Rena Schild / Shutterstock
The Michigan Legislature voted Tuesday to prohibit abortion by dilation and evacuation in the second trimester, excluding instances where it would save a woman’s life.
Senate and House passed the legislation, with a 22-16 majority in the Senate and a 58-51 majority in the House. Though Gov. Gretchen Whitmer said she would veto the bill, anti-abortion activist group Right to Life is working to circumvent the need for her signature by setting a citizens’ initiative in motion, according to The Washington Post. If the initiative is successful, lawmakers could move forward without Whitmer’s signature.
Dilation and evacuation has already been barred in 12 states across the U.S., including in West Virginia and Mississippi, though it's on hold in eight of those states due to various legal challenges. Alabama passed a bill on Tuesday that would ban nearly all abortions, and Georgia just signed into law a bill that will outlaw abortion after a fetal heartbeat can be detected.
The bills appear to be part of a nationwide effort to bring anti-abortion bills in front of the Supreme Court to eventually overturn Roe v. Wade.
Alabama House Rep. Terri Collins, who sponsored the bill, told NBC News
on Tuesday that the bill was designed to be challenged and brought to the Supreme Court.
"This bill's purpose is to hopefully get to the Supreme Court and have them revisit the actual decision, which was, is the baby in a womb a person?" Collins said. "And we believe technology and science shows that it is. You can see that baby tissue develop all the way through now."
According to BuzzFeed News, it is likely that anti-abortion activists know that opponents will sue over these six-week abortion bans, as similar legislation has been struck down by lower courts in the past. The aim of anti-abortion activists is likely then for the issue to move upward to the Supreme Court.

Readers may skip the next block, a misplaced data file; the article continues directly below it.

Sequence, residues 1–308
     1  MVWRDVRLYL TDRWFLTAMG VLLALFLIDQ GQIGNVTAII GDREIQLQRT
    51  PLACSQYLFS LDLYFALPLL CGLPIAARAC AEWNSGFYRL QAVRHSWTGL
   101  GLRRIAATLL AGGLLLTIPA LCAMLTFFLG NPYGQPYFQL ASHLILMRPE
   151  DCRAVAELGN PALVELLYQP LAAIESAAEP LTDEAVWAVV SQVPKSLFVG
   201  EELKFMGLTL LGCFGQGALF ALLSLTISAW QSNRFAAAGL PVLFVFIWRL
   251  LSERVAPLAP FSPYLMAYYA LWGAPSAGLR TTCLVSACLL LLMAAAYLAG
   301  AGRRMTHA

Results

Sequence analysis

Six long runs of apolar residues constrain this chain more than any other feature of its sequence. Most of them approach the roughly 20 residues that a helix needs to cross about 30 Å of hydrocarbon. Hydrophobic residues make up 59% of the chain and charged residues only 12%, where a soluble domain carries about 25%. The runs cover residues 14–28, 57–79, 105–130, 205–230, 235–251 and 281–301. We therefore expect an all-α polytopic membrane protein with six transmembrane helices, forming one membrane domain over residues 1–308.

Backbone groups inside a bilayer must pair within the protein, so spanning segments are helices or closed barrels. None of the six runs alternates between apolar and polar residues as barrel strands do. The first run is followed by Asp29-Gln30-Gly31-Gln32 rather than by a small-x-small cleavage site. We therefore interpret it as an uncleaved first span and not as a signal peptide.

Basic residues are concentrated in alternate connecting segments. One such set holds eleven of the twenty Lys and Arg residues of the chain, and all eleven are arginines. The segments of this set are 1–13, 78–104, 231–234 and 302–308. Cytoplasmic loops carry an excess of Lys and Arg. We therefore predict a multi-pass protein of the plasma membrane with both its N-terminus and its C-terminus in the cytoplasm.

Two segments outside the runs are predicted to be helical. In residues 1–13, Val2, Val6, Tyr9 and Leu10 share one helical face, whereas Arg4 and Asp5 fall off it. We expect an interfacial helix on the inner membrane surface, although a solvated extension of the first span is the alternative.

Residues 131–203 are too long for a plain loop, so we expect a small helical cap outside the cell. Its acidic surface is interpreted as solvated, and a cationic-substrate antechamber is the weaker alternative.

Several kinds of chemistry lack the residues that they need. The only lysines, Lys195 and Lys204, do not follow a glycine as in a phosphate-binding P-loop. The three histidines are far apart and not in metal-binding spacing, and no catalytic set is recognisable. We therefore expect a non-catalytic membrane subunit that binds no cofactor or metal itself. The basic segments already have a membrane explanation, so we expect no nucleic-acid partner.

Daderot, Wikimedia Creative Commons
The effort to overturn Roe v. Wade has recently accelerated because the Supreme Court moved to the right after the confirmation of Justice Brett Kavanaugh. When Kavanaugh was testifying before the Senate Judiciary Committee before he was confirmed as a Supreme Court justice, he declined to state that he would refrain from reversing Roe v. Wade, and has written in the past that he would be open to more strict abortion regulations.
Back in October 2016 before the presidential election, Trump vowed to make efforts to overturn Roe v. Wade if he were elected. He said it “will happen, automatically” if he were to get a chance to appoint justices to the Supreme Court — which he of course did, when he appointed Kavanaugh.
Abortion rights advocates are in an awkward spot, because with every lawsuit they file against the anti-abortion bills, the closer the case gets to the Supreme Court. While the Supreme Court does not usually prefer to overturn precedent, it has happened in the very recent past. On Monday, the courts overturned a 1979 ruling which indicated that states are not immune to private lawsuits in the courts of other states.
In response to this overturning of precedent, Justice Stephen G. Breyer wrote: “It is “dangerous to overrule a decision only because five Members of a later Court come to agree with earlier dissenters on a difficult legal question.”
He continued: “Today’s decision can only cause one to wonder which cases the Court will overrule next.”
Stay on top of Detroit news and views. Sign up for our weekly issue newsletter delivered each Wednesday.